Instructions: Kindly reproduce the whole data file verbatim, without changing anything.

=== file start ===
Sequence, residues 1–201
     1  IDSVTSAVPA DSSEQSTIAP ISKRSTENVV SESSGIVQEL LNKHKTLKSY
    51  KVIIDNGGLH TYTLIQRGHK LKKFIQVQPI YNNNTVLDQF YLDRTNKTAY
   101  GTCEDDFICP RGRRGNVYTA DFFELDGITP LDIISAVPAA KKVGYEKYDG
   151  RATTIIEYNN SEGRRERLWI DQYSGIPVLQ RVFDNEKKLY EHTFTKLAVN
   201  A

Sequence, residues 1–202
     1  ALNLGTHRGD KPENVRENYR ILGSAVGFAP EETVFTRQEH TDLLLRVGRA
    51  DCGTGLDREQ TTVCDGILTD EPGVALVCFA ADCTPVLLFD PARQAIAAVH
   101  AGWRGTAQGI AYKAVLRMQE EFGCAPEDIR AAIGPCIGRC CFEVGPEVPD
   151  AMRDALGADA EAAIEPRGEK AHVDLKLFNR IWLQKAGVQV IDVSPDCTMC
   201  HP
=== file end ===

Sequence, residues 1–201
     1  IDSVTSAVPA DSSEQSTIAP ISKRSTENVV SESSGIVQEL LNKHKTLKSY
    51  KVIIDNGGLH TYTLIQRGHK LKKFIQVQPI YNNNTVLDQF YLDRTNKTAY
   101  GTCEDDFICP RGRRGNVYTA DFFELDGITP LDIISAVPAA KKVGYEKYDG
   151  RATTIIEYNN SEGRRERLWI DQYSGIPVLQ RVFDNEKKLY EHTFTKLAVN
   201  A

Sequence, residues 1–202
     1  ALNLGTHRGD KPENVRENYR ILGSAVGFAP EETVFTRQEH TDLLLRVGRA
    51  DCGTGLDREQ TTVCDGILTD EPGVALVCFA ADCTPVLLFD PARQAIAAVH
   101  AGWRGTAQGI AYKAVLRMQE EFGCAPEDIR AAIGPCIGRC CFEVGPEVPD
   151  AMRDALGADA EAAIEPRGEK AHVDLKLFNR IWLQKAGVQV IDVSPDCTMC
   201  HP